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Day of Memories

I am a pacifist, in the strictest sense.  I think that killing is immoral.  I think that war is a sign of poor communication skills and immaturity.  I do not feel good about praising people who are murderers.  I think that life is valuable and should be respected.  I think that people should be peaceful.

We are not a great country.  We are not peacekeepers.  We are not kind, compassionate people.  We are a bloodthirsty and warmongering people.  We invade countries on false claims and lay waste to them.  We slaughter millions of innocent people, and thousands of our own troops.  We destroy whole cities with our weapons.

We are hypocrites.  The reason given for invading Iraq was their possession of weapons of mass destruction and yet we own countless of our own weapons of mass destruction.  We have missiles and nuclear bombs.  We have fighter jets and bombers.  We have tanks and aircraft carriers.  We spend more on our military than the rest of the industrialized world put together.  We are violent and destructive.

Conservatives are still trying to crucify Obama for the Benghazi attack, and yet we ourselves bombed the Chinese embassy in Belgrade in 1999, killing 3 and injuring 20.

On this Memorial Day, I propose that we remember all of the lives that we have destroyed.  Remember all of the people in Iraq who are no longer living because we invaded their country.  Remember all of the people in Afghanistan who have died because we insist on waging war on their land.  Remember all of the children who were living in Nagasaki and Hiroshima at the time we decided to demonstrate the raw power of nuclear weapons.  Personally, I feel that remembering these people will help us to be more peaceful in the future.  Remembering those on "our side" who have died seems to be the typical attitude toward the holiday.  And I can't say that I know that's harmful.  But what I can say is that if we never think about "the other guy", if we never think about the victims of our aggression, then we may very well continue to believe that we are good, that we are making the world better with our military and needless killing.  I think that remembering those whom we have destroyed is the best way to prevent future destruction.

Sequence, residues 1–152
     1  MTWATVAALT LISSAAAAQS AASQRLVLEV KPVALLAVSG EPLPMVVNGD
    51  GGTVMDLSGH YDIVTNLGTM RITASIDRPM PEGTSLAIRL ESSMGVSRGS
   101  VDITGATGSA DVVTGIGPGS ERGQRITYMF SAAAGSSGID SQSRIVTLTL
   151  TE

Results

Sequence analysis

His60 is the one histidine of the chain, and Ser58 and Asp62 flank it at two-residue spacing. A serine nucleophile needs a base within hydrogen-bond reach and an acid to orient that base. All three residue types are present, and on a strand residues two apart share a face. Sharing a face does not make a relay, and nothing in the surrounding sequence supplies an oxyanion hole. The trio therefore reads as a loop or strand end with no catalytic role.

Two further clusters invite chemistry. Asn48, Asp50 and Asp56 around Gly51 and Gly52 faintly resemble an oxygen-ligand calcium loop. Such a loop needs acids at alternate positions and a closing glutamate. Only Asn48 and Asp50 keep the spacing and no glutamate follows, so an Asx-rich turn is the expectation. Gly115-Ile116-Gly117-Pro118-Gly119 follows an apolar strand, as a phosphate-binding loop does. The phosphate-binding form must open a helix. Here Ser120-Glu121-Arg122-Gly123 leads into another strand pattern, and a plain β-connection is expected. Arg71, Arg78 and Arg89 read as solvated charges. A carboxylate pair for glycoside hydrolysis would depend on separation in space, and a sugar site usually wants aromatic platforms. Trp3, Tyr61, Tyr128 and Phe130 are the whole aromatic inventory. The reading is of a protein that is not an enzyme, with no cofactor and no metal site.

When you say the words "Support our troops", think what that means.  Think about the lives that our military ruins.  Think about the innocent children that our drones destroy.  Think about the civilian deaths that we dismiss by calling "collateral damage".  Turn the tables.  Put yourself in our enemies' shoes.  Imagine how you would feel if it was your country being invaded.  Imagine how you would react if the picture above were your hometown, decimated by a foreign power.  When we support our military, we are supporting this kind of senseless destruction of innocent people's lives.  It needs to stop.

We need to learn how to be rational.  We need to learn how to settle our differences peacefully.  We need to learn how to discuss things without resorting to violence.  We need to cast aside these primitive instincts that we have to kill and destroy.  Let us remember our fallen.  But let us also remember the fallen of our enemy.  Let us not glorify these deaths.  Let us mourn these deaths, and use that mourning to prevent future deaths.  Let us embrace peace.  Let us avert violence.  Let us honor the fallen by making them the last to fall.

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